Despite a request by prosecutors, a Faulkner County judge is standing by his decision to throw out evidence collected in a local dog-fighting and drug case.

Deputy prosecuting attorney Megan Carter filed a motion for reconsideration regarding the discredited evidence on May 8, two weeks after Faulkner County Circuit Judge Charles "Ed" Clawson ruled in the defense's favor to suppress evidence collected against 37-year-old Carl Johnson.

Online records show Johnson is currently charged with simultaneous possession of drugs and firearms, possession of a controlled substance, maintaining a drug premises within 1,000 feet of a drug-free zone and unlawful dog fighting after authorities confiscated eight pit bulls while conducting a search warrant at a residence in the 1700 block of Donaghey Avenue.

According to court documents, Conway Police Department investigators and the SWAT team were executing a search warrant on Jan. 4, 2017, of the Donaghey Avenue residence when drugs and the dogs believed to be involved in dog fighting were found.

Carter argued in her May 8 motion that the evidence found during the execution of the aforementioned search warrant was valid and imperative to the case she was building against Johnson.

"Evidence obtained in violation of the Fourth Amendment need not be excluded, as a matter of law, when officers act in objectively reasonable reliance on a search warrant issued by a neutral and detached magistrate,” Carter’s motion for reconsideration reads in part. “The exclusionary rule is intended to deter police misconduct, not to punish law enforcement when they rely in good faith on a search warrant that is later found to have been issued in error. ... Law enforcement should not be punished by the errors of judges in the issuance of a search warrant when law enforcement relies upon that search warrant in good faith.”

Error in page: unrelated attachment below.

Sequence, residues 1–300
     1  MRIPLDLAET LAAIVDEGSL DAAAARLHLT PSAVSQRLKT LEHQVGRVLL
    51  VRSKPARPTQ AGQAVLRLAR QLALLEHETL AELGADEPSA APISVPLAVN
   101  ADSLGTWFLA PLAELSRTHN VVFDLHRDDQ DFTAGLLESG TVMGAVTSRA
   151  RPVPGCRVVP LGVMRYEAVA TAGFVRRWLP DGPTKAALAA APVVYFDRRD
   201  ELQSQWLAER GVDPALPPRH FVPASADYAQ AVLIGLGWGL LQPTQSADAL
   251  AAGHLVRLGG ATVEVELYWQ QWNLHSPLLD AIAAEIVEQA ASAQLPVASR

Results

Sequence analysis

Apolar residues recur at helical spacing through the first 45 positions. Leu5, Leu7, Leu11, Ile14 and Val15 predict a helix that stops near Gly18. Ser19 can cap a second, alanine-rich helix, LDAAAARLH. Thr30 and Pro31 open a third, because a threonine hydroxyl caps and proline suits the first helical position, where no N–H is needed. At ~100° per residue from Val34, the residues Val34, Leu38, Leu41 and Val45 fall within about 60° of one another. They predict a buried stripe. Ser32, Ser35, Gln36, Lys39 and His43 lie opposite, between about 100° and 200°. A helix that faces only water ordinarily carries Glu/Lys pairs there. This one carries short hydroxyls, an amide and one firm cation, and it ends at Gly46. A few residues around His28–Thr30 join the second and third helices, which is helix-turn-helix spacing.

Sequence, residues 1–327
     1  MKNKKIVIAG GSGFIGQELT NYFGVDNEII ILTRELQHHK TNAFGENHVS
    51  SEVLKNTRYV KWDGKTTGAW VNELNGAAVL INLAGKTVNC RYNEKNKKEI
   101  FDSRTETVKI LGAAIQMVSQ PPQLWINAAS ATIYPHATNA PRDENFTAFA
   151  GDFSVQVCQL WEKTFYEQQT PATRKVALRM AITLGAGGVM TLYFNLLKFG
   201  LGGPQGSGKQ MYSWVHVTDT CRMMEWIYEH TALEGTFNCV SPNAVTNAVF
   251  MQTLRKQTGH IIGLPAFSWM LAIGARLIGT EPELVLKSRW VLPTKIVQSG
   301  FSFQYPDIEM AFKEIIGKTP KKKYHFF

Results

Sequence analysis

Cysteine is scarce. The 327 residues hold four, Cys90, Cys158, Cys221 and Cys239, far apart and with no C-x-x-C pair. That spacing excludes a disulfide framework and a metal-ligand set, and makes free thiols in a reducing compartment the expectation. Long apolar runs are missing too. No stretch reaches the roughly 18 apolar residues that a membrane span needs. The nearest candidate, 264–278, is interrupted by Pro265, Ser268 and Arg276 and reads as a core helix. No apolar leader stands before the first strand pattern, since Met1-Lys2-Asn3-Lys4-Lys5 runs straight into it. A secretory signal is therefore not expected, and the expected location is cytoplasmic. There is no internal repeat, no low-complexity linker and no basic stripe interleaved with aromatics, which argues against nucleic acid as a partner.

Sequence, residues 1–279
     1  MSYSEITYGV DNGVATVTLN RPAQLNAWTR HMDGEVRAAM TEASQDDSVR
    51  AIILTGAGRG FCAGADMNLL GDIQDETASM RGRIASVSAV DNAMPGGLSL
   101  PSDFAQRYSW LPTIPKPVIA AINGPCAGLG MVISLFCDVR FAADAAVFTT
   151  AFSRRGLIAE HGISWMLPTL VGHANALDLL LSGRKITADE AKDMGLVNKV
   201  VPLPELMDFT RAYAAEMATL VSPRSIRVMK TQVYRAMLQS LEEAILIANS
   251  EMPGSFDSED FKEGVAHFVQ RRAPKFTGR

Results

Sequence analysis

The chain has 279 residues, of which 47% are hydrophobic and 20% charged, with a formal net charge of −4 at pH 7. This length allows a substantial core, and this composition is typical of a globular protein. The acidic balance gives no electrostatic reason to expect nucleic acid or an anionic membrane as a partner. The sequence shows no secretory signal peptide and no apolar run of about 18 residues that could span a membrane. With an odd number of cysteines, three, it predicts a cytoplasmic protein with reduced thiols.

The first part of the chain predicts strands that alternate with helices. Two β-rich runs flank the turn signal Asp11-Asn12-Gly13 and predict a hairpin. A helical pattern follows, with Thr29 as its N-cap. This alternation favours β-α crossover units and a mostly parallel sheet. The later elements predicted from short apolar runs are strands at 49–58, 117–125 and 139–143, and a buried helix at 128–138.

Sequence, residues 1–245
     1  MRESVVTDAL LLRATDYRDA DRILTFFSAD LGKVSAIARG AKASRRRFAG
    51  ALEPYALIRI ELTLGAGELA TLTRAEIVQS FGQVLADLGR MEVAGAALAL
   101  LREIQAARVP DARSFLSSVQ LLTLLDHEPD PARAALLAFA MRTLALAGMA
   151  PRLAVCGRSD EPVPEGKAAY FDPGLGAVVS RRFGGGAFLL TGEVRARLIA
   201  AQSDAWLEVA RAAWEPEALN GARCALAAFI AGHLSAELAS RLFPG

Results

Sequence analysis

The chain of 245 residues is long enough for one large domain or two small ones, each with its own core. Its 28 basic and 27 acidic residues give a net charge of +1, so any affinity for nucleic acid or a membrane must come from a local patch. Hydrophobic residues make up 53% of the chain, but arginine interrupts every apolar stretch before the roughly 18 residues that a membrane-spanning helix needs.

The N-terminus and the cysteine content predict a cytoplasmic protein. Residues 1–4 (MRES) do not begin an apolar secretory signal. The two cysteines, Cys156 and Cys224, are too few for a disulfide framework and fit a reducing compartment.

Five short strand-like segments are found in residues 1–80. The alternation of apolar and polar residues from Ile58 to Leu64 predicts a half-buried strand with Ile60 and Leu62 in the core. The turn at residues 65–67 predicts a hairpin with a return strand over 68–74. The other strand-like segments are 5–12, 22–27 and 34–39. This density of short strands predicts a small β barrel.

Following Carter's plea, Jimmy Morris Jr., who represents Johnson, filed a response that argued in favor of the judge's recent ruling.

"The Court's ruling should stand as suppression is the remedy for the inadequacy of a search warrant when an officer cannot manifest objective good faith in relying on a warrant based on an affidavit so lacking in indicia of probable cause as to render official belief in its existence entirely unreasonable," his May 18 response to Carter's motion reads in part. "The officer's reliance on the magistrate's probable-cause determination and on the technical sufficiency of the warrant he issues must be objectively reasonable."

Because the search warrant was not reasonably obtained, it's findings were illegal, thus making them invalid, Morris argued.

"Here, the officers' reliance on the warrant was not objectively reasonable, in a set of circumstance for which, the officer's knowingly, and recklessly submitted an affidavit that was inadequate to a magistrate, who in effect, acted as a rubber stamp for the police by signing an affidavit for a warrant that was obviously unreasonable," he stated.

Judge Clawson ultimately stood by his April decision, despite Carter's request for reconsideration.

Johnson is currently scheduled to appear at 9 a.m. June 5 in Faulkner County Circuit Court for a pretrial hearing regarding the aforementioned case.